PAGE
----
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Study: Weather Change Can Trigger Throbbing Headaches

March 9, 2009

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By Kate Stinchfield

MONDAY, March 9, 2009 (Health.com) — Most people who are prone to headaches or migraines suspect that certain things, such as red wine or strong perfume, can trigger their head pain. Now a new study suggests that rising temperatures could trigger headaches, too.

According to a study published Monday in the journal Neurology, a spike in temperature may be enough to land some headache-prone people in the emergency room. The researchers found that for every 5-degrees-Celsius increase in temperature, the risk of a hospital-related headache visit went up 7.5 percent in the next 24-hour period. And a drop in barometric air pressure, which tends to happen before it rains, was also linked to a greater risk of headaches in the next 48 to 72 hours.

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While people may think they’ve got a handle on their migraine triggers, in truth, weather changes may be to blame for at least some of those headaches, says Kenneth J. Mukamal, MD, the study’s lead author and an associate professor of medicine at Harvard Medical School in Boston. “In the summer, you may think that ice cream set off your migraine,” he says. “But it wasn’t the ice cream—it was the temperature increase on that very hot day that led you to eat the ice cream.”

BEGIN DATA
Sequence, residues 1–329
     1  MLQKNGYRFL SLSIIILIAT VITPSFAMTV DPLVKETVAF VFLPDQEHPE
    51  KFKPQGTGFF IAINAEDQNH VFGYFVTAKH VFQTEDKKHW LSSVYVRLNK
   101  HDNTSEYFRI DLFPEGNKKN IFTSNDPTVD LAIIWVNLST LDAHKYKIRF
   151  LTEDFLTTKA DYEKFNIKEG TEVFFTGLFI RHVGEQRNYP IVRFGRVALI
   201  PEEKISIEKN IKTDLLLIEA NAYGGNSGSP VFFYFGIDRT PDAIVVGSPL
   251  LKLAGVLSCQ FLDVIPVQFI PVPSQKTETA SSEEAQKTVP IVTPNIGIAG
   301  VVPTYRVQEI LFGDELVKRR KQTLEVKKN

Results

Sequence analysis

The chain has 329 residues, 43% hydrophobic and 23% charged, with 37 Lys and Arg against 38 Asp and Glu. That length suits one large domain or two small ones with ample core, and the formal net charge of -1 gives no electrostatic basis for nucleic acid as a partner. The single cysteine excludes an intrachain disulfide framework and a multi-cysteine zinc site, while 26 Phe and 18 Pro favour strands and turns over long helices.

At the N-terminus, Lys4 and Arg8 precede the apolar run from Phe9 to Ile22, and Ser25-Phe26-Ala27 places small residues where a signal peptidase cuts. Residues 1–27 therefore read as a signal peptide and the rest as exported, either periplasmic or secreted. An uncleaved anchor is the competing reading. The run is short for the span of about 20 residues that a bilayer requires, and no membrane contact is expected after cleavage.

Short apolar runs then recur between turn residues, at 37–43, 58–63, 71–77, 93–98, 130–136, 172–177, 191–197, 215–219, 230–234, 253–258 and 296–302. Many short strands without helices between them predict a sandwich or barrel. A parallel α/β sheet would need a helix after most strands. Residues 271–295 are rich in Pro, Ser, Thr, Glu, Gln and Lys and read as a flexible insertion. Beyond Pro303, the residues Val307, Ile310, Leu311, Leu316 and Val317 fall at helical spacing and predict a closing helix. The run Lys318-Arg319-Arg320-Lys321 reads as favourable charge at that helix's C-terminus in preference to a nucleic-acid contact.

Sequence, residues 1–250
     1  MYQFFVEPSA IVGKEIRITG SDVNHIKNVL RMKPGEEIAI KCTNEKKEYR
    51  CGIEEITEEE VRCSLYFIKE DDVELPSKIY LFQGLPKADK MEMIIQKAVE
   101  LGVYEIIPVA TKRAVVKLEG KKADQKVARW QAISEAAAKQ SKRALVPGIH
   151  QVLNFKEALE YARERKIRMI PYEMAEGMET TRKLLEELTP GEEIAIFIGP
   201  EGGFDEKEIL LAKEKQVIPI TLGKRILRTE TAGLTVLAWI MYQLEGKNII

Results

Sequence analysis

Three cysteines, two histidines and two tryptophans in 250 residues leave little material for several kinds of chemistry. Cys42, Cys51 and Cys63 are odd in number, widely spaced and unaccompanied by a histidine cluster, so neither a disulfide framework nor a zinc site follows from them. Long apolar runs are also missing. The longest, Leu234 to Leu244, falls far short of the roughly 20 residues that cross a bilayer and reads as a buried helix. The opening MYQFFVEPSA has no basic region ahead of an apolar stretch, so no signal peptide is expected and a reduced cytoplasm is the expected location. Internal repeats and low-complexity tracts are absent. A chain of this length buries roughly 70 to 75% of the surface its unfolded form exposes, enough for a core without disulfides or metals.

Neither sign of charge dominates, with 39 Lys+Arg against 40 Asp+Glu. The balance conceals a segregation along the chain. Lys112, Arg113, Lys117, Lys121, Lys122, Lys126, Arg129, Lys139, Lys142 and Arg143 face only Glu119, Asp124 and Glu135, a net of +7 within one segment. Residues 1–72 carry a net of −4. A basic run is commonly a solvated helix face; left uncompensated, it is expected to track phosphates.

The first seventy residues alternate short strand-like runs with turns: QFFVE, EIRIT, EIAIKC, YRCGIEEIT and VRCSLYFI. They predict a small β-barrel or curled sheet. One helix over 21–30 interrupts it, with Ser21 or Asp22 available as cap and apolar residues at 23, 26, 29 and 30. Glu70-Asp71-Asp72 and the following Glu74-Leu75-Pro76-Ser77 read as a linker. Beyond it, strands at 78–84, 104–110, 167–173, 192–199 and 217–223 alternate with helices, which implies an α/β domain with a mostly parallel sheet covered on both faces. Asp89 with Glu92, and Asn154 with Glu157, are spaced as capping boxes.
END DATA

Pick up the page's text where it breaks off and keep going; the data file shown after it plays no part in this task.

Dr. Mukamal’s team looked at 7,054 patients diagnosed with headaches in the emergency room of Boston’s Beth Israel Deaconess Medical Center over a span of seven years; they compared factors like temperature, barometric pressure, humidity, and pollution for the period immediately preceding and following each patient’s hospital visit. While temperature and barometric pressure were linked to headaches, pollution—which is linked to a greater risk of heart attack and stroke—was not associated with migraines. But Dr. Mukamal isn’t ruling out the possibility. “Our city was not big enough to say for sure that air pollution is off the hook,” he says, adding that a similar study performed in Los Angeles (where air pollution levels are considerably higher) might yield different results.

Next page: How to avoid temperature change-related migraines


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